Additionally, If you want to stay within a specific budget, but desire some top flight gear, you might consider the resale market, perhaps the auction site. Often, very often, there are literally virtually new top tier rods available at significantly discounted prices.

    I think you will find plenty of great rod recommendations to consider on the above mentioned thread.

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  11. #8
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    Default Re: Upgraded 3wt for Driftless Brookies and Bluegill

    Quote Originally Posted by scotty macfly View Post
    Just my opinion, but why on earth would anyone spend that much on a 3wt rod, especially for brookies and bluegills. If you want to buy a 3wt rod at $700, make it bamboo.

    I agree with zjory, fiberglass would be a fantasic choice for the price range you're looking at. And there's so many fiberglass makers out there to choose from.

    And looking at your list, I have to ask, what type of action do you prefer, because your kind of all over the place from slow to mod/slow to med/fast to fast.

    To Scotty's point, it is certainly not mandatory nor required to use high end gear for small water. However, as I have opined previously at length in the 3 wt thread, small water can often offer some of the most challenging and unforgiving angling experiences that exist. Arguably, gin clear shallow small water can create the most presentation sensitive demand in all of fishing, to some of the most hyper aware, predator sensitive, spooky, fish in existence. Often testing the skills of the most accomplished anglers, forcing them to up their game to their very limits, when only allowing for one singular presentation pass or fail, before being sent down stream to another location or back to the truck. Bigger water is more forgiving, usually allowing multiple presentations and larger margin of error of locating a presentation, simply try again and continue fishing. Small water failed singular presentations often end production immediately. Because of this, I often contend, that small stream enthusiasts should equip themselves with specialty tools that are capable of less error, and tools where pin point presentation can be accomplished with greater consistency. I believe that I could take any 9' 5wt on the planet and go fish med-lrg water, sling lead, make a half butted nymphing attempt, and catch a fish or two, but I believe the same cannot be said for small water where a single failed attempt at pin point presentation can yield a hard pass/fail for that stretch of water. My counterpoint would be, if I could only have one inexpensive rod and one higher end rod, my higher end rod would be to fish the smaller water that requires more perfect presentation and my less expensive would be to sling whatever on larger water.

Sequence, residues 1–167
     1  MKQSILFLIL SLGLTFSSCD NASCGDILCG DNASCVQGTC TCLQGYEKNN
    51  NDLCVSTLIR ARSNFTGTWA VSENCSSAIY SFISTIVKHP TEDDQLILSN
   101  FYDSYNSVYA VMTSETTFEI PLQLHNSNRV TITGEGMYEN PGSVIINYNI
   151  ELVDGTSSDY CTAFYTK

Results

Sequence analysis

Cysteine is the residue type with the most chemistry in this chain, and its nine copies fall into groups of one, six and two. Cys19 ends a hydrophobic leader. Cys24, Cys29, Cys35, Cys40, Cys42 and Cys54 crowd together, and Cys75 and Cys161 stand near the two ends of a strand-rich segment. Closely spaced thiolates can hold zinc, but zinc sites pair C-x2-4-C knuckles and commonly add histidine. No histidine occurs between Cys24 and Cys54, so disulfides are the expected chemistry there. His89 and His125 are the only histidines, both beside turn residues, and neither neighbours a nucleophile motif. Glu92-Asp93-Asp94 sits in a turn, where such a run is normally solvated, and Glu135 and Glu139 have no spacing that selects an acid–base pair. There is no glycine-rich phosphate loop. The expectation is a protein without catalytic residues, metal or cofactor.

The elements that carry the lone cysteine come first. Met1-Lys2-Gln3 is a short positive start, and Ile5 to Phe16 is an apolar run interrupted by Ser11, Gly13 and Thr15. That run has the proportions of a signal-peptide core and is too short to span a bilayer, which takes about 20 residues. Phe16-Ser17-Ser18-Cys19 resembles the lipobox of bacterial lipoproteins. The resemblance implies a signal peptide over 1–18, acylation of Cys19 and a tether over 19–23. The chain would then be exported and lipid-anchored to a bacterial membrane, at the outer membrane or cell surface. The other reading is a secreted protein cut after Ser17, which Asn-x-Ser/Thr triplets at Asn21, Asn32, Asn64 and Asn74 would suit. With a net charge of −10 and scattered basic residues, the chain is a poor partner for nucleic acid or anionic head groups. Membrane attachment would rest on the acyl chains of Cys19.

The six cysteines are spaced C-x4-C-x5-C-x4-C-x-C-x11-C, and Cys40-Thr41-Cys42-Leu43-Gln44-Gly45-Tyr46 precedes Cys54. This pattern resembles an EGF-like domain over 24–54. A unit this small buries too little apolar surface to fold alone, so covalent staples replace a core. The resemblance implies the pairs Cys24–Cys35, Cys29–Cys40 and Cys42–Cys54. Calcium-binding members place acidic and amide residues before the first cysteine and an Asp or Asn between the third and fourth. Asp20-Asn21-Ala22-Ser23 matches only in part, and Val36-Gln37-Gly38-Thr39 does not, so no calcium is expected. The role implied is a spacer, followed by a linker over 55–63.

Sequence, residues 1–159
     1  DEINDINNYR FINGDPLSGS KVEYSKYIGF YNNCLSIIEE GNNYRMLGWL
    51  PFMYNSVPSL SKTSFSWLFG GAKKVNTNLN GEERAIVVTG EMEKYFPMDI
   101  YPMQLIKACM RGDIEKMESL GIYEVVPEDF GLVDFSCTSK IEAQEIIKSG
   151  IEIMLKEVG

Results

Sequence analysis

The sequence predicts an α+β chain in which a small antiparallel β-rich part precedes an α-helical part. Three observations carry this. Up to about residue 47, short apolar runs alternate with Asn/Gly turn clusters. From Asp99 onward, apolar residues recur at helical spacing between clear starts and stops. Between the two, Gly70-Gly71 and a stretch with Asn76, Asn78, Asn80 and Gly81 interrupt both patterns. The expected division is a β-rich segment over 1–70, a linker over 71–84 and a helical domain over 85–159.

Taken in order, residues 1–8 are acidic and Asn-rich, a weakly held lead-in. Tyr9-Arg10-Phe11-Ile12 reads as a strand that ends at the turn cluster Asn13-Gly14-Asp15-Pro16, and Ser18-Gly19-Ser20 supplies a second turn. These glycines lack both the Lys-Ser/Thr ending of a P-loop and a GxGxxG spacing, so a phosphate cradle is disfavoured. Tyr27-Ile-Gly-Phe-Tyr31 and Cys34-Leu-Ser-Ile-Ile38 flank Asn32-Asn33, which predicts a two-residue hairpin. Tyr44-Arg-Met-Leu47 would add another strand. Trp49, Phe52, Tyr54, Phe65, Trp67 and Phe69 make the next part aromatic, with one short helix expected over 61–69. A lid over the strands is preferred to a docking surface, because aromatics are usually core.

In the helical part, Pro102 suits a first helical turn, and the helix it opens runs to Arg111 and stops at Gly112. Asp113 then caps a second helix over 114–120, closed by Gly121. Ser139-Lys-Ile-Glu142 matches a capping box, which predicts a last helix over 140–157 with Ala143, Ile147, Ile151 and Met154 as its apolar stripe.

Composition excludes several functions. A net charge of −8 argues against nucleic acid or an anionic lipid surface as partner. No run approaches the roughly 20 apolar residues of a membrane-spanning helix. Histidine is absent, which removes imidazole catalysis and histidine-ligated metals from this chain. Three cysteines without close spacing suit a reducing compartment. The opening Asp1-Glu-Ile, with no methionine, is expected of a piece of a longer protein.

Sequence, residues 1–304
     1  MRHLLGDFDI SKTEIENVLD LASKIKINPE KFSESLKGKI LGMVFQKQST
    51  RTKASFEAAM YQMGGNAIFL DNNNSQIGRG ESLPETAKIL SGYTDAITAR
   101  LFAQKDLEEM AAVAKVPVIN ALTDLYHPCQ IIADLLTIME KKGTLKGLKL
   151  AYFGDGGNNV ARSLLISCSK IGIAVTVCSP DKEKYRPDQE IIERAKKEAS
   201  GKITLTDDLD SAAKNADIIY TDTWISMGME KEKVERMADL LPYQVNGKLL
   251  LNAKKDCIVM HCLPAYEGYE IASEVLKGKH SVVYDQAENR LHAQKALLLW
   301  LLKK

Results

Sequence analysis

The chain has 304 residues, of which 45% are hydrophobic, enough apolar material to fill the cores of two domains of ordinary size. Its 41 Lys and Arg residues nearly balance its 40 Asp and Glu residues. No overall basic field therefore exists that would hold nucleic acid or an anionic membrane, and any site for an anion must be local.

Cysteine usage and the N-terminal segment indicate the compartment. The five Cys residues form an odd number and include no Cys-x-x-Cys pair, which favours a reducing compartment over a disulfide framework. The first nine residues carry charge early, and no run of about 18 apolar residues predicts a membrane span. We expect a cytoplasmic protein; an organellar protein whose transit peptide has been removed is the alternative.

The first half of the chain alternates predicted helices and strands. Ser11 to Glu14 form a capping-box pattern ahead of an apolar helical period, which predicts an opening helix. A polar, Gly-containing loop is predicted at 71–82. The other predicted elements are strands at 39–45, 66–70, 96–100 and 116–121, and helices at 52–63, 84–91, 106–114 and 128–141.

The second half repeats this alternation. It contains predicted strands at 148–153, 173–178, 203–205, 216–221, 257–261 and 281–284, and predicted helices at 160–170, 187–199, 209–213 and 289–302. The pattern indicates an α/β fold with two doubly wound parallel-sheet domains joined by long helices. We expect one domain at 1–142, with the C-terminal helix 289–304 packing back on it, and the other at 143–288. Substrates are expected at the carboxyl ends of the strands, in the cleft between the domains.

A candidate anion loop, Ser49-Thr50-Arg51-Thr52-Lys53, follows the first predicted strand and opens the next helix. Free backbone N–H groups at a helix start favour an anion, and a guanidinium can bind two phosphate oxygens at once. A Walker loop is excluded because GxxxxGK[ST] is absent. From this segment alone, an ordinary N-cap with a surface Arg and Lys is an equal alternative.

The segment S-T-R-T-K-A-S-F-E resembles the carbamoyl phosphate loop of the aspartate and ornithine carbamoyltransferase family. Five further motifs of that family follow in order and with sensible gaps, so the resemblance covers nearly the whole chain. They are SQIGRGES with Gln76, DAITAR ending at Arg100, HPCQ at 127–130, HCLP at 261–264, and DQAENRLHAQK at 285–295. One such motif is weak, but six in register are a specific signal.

To this point, we all like quality gear, and we all likely would usually prefer to have the best that is affordable to us each individually. I do believe it makes perfect sense to spend within one's means, but also, seeking high quality gear for smaller water is quite logical, and although counter intuitive to some, arguably it is more important, and easier to rationalize, than high end gear for other fisheries that allow for much greater margins of error and routinely allow 2nd and 3rd chances at fish.

    Lastly, I do like quality fiberglass, and I think fiberglass, in certain instances, offers a viable alternative to small stream enthusiasts as an option. It has come a long way from my original Shakespeare Wonderod, with brands like Scott, and other custom makers with dialed in blanks leading the way. However, there is a unique class of lightweight graphite rods, from several makers, over several decades and yet still, that were specifically designed for these scenarios as well and offer exceptional performance in this task. I have opined, and will again, these rods will rival and exceed any specialty small water glass rod I have ever cast or fished, including the latest high end offerings.

    I think maybe Scotty, Zjory, and any other local CO members should plan a sunny day to come down to my place, drink some craft beer (bring plenty I like beer), and cast some rods, I am willing to bet, (after casting Morgan/Brackett era IM6's or WT's in 6'6" 2&3 wts and 7' 2 wt & 7' & 7'6" 3wt & Winston Pure/BIII LS 7'6" 3wt, & Scott GS 773, Dart 376, Scott MMT 6'10" 3wt)- that within two beers time, you will; 1) Understand the value of a high end small water rods 2) Throw rocks at anything less, including top fiberglass, after experiencing the feel and accuracy of some of these rods.

    Bring dixie cups too and we'll put them under overhanging branches and you'll see what I mean..

    Seriously though, to the OP, and back to topic - Go cast- and fish if possible, as many small water rods as you can get your hands on, and follow your personal preference, one will speak to you, and after all, the only one that needs to be happy with this choice is YOU. Good luck on your search !! Keep us posted on what you choose!!
    Last edited by cooutlaw; 04-14-2019 at 01:30 AM.